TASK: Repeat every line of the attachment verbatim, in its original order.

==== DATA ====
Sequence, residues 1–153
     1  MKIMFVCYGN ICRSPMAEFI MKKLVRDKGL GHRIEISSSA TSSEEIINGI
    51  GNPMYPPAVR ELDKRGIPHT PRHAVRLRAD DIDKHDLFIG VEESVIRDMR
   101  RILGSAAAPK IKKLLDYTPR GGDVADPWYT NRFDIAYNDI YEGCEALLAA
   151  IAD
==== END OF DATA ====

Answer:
Sequence, residues 1–153
     1  MKIMFVCYGN ICRSPMAEFI MKKLVRDKGL GHRIEISSSA TSSEEIINGI
    51  GNPMYPPAVR ELDKRGIPHT PRHAVRLRAD DIDKHDLFIG VEESVIRDMR
   101  RILGSAAAPK IKKLLDYTPR GGDVADPWYT NRFDIAYNDI YEGCEALLAA
   151  IAD